HughesNet's "best" plan called Power 200 costs $109.99/month at 2Mbps by 300Kbps with a maximum 450MB per day download allowance. So 2 days just to install a Windows Service Pack, I think I'll pass considering all the other updates for Windows, Office, drivers, Adobe, etc... My 3G service is faster and cheaper, and 4G faster yet where it's available.<br><br>What nobody is talking about is lag, and satellite lag is bad. I've got a customer that complains constantly about getting kicked off the VPN when using sat, but never has a problem using dial-up. And says the dial-up is usually faster, even though it's only able to connect at 28.8kbps. The VPN issue has everything to do with lag, time stamps on the packets are constantly out of sync, and the VPN server is setup to drop the connection when that occurs.<br><br>If Dish can fix the lag issues (doubtful short of going to laser signaling), and serve up truly unlimited they could have a winner on their hands for everyone. As is, even with faster service; it's not likely to be useful for remote workers.
    l_creech
  • RE: CES 2012: Dish goes after rural households with new Broadband service

    CEOs get all the perks... stock options, golden parachutes... and now the opportunity to cradle baby kangaroos!
    jgm@...
  • RE: CES 2012: Dish goes after rural households with new Broadband service

    Satellites are great for big downloads and terrible for browsing because of the latency. With the download limits, the strong point of satellite internet goes out the windows. A truly unlimited DSL that "only" does around 380K is a better deal for computer users.
    mswift@...
  • RE: CES 2012: Dish goes after rural households with new Broadband service

    They have a lot to do to make it worth wild..They have to offer no contract stand alone broadband thats truely unlimited like cable broadband and they must guarantee speeds will not be throttled. The price for such stand alone broadband needs to be in the $50 a kmonth which is bit higher then cable but more then dsl. DSL is low but a steady 3-5 Mbps is better then a 12Mbps drop off every minute.
    Fletchguy
  • RE: CES 2012: Dish goes after rural households with new Broadband service

    Do you guys not grasp this is for RURAL customers, where DSL or other broadband choices are non existent? You choice is dial up or satellite. While yes its not the best service and is pricey its worth it for those of us who choose to live in the middle of no where. <br>With hughesnet yes you have the 450MB daily cap but you can dl as much as you want from 11pm -4am. I generally can dl a 3-4GB file in that time. Again not so impressive, but for where its bringing me internet and with my other choices its great and fits the bill. Most have a "free period" for doing just updates and getting large files, If you are good at scripting the times make no difference. <br>During my FAP free time I can stream movies or play games online with latency not really showing its ugly face that much. You can do both in the non free time but you will use your bandwidth up quickly. <br>So before you voice an opinion about something for rural folks, grasp what their REAL choices are before you say how lame or its a rip off. Lastly NONE of the companies are legally allowed to hide their bandwidth capping. They have to be upfront as to you allowances and restrictions for violating it.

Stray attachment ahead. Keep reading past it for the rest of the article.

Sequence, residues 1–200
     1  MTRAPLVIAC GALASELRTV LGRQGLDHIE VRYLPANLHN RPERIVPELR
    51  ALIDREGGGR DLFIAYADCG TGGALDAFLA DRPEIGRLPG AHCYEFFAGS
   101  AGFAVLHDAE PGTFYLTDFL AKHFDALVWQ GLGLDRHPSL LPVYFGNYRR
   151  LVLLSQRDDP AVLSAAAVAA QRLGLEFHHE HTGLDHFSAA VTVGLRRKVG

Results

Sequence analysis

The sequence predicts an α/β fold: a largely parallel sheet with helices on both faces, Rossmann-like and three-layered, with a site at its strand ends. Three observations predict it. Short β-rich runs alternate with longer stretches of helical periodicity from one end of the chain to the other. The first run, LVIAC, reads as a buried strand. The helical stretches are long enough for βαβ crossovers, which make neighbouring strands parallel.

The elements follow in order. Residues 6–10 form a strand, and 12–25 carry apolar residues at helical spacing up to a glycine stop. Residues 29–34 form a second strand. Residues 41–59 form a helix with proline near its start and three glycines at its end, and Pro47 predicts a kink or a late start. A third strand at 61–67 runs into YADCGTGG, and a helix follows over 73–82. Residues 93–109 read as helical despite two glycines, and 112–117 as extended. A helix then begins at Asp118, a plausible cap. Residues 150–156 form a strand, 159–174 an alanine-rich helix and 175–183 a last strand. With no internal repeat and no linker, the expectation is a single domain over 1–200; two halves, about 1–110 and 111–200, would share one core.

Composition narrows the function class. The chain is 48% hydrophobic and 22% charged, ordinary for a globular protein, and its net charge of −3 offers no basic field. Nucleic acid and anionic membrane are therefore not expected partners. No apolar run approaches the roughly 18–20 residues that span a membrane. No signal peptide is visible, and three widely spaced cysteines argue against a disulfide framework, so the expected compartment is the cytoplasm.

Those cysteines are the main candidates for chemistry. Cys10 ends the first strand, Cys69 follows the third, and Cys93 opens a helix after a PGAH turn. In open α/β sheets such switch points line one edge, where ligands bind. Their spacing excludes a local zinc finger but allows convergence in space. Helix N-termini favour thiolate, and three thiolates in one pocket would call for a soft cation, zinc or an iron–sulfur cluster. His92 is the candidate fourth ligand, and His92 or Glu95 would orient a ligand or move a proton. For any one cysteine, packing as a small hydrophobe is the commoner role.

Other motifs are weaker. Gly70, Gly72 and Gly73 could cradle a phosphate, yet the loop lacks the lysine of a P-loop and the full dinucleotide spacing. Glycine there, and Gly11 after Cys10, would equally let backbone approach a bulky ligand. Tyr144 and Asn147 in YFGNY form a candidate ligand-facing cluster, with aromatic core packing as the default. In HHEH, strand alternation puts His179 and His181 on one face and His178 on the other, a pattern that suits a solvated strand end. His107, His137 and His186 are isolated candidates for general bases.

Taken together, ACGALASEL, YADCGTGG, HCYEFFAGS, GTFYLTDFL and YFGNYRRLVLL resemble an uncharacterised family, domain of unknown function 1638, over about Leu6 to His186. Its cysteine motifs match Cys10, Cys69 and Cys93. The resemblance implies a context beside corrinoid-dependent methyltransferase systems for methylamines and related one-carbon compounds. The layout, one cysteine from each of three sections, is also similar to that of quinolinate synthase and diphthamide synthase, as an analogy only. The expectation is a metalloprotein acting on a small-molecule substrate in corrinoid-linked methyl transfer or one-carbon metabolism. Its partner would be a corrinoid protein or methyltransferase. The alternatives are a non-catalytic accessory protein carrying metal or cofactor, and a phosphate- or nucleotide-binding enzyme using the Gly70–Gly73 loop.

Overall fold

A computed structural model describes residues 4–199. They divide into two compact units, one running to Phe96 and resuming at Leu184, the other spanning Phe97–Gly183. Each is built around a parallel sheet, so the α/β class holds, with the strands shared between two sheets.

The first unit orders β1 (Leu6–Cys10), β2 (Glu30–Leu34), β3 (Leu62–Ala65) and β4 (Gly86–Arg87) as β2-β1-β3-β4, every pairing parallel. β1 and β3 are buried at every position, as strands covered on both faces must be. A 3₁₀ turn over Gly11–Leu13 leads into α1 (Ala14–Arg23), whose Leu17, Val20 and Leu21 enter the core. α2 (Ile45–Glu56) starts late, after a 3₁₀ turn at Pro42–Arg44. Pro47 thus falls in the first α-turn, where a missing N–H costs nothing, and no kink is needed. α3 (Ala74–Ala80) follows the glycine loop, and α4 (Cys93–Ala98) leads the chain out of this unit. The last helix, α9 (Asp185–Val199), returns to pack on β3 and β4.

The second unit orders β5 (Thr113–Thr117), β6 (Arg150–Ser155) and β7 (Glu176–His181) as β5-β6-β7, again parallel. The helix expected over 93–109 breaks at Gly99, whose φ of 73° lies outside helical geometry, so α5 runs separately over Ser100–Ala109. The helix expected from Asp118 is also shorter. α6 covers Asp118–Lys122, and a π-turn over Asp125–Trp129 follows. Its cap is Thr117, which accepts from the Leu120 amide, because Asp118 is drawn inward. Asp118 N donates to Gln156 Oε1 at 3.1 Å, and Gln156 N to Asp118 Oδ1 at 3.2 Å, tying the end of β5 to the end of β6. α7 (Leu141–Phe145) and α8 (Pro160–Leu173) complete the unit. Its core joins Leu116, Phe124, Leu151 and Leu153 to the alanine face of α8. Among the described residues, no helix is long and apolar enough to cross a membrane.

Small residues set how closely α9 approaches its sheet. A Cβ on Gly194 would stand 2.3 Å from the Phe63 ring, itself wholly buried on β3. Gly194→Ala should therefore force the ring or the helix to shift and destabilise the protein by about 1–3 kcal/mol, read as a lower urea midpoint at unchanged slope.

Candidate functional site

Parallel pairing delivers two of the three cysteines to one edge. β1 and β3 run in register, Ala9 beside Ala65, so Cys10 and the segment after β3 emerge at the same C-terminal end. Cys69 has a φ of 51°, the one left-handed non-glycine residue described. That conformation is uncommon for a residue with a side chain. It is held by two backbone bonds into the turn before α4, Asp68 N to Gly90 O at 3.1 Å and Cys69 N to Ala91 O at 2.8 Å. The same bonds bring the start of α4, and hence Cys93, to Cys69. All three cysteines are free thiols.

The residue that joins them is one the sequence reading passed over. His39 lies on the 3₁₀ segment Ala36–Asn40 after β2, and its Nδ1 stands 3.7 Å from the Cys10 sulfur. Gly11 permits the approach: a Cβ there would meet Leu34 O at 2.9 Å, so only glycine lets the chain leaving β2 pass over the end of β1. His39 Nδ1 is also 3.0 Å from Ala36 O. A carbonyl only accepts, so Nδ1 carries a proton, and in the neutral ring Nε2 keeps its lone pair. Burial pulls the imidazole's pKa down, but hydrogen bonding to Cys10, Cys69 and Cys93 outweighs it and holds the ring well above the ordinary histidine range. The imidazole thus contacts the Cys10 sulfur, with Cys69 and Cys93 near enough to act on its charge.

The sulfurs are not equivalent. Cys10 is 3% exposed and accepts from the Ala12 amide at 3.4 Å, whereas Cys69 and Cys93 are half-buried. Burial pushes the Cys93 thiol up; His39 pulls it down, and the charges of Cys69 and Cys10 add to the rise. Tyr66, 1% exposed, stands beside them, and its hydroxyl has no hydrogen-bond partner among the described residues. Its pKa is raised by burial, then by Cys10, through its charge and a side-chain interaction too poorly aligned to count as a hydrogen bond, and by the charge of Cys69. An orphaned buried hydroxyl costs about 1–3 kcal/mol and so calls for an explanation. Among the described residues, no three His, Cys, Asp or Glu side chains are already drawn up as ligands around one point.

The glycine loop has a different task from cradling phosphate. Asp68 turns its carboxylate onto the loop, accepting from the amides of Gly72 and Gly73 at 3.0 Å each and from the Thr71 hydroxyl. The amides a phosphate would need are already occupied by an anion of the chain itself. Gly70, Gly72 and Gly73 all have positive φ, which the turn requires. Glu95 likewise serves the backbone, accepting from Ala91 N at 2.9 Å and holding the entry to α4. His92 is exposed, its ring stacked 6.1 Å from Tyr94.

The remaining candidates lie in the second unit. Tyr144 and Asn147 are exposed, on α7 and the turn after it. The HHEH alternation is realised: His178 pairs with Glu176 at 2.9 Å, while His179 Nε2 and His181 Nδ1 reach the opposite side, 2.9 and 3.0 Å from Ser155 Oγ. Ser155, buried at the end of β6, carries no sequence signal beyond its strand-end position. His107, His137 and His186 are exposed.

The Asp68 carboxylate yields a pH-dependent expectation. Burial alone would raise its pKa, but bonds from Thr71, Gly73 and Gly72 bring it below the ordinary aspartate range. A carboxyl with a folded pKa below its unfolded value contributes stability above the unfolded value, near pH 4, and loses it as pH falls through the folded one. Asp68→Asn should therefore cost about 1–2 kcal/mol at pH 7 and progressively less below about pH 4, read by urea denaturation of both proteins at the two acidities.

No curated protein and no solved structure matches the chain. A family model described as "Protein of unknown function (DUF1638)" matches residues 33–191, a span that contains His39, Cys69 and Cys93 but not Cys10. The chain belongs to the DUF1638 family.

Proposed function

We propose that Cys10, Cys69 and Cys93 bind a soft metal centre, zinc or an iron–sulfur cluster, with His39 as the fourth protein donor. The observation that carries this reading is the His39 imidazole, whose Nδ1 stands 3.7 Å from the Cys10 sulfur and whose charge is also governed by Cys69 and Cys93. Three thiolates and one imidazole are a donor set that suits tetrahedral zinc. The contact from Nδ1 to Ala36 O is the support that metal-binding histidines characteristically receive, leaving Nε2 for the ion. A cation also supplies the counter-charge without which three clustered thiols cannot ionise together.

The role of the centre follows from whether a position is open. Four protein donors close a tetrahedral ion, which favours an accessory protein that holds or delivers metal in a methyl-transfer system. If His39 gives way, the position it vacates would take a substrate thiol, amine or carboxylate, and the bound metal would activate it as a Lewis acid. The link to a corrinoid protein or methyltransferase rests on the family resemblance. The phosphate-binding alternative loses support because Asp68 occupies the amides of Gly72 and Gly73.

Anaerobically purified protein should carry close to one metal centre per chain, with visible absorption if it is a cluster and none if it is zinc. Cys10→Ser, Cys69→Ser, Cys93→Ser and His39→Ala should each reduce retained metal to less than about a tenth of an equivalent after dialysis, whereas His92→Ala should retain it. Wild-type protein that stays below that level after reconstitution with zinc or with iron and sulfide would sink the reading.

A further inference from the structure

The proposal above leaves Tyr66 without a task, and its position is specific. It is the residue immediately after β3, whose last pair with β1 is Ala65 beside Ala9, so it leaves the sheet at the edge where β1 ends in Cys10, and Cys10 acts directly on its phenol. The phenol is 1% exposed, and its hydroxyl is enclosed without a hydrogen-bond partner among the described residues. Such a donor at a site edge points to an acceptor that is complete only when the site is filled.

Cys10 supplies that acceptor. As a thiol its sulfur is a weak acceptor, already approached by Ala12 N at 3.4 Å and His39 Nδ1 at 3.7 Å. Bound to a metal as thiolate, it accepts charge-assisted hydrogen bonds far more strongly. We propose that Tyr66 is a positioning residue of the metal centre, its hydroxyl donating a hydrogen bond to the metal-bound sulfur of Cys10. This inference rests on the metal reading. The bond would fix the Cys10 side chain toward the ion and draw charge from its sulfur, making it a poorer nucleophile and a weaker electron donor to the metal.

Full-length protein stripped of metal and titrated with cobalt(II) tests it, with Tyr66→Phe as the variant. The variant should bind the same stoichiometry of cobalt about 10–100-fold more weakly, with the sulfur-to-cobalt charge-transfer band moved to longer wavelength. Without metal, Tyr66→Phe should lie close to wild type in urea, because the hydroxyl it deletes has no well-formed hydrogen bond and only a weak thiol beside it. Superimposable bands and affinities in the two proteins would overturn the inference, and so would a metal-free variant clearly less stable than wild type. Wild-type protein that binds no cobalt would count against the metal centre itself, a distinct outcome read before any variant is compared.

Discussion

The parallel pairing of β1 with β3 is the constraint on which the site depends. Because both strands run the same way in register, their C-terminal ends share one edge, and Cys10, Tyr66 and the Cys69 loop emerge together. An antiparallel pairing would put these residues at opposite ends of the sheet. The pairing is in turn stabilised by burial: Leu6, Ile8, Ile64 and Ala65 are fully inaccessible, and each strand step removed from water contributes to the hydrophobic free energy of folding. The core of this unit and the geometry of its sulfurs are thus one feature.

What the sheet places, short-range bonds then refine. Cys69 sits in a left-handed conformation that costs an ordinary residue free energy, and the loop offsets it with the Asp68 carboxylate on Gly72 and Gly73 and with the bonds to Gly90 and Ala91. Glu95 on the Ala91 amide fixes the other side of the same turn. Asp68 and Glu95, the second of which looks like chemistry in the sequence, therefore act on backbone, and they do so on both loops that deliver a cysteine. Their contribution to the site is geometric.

Oh and its only 109.00 a month until you pay off the equipment then it drops to $60 a month.
    Current speed results of a Pro user of Hughesnet:
    Ping: 649ms
    DLS: .87 Mbps
    UPS: .25 Mbps
    vw-slowda
    • RE: CES 2012: Dish goes after rural households with new Broadband service

      @vw-slowda - You are correct. We lived in an area where the telephone repairman walked up to me one day and was so HAPPY to tell me that they had improved my dial up from 14.4 to 28.8 BAUD. OMG - He thought was great and no one would ever complain again. In fact my first Hughes system was a combination of Satellite down and landmine (sic) up! I still have the dish on the east side of my house. That was heaven compared to 14.4. HA! Those were the days!!<br><br>Heck, my first MODEM was 300 BAUD!!! Then 1200 BAUD!!<br><br>You youngsters owe so much to us old pioneers!! Had we not paid out the yazoo for that stuff the Internet would never have propagated like it has and you would all still be using Bulletin Boards!! HA!
      Forensics1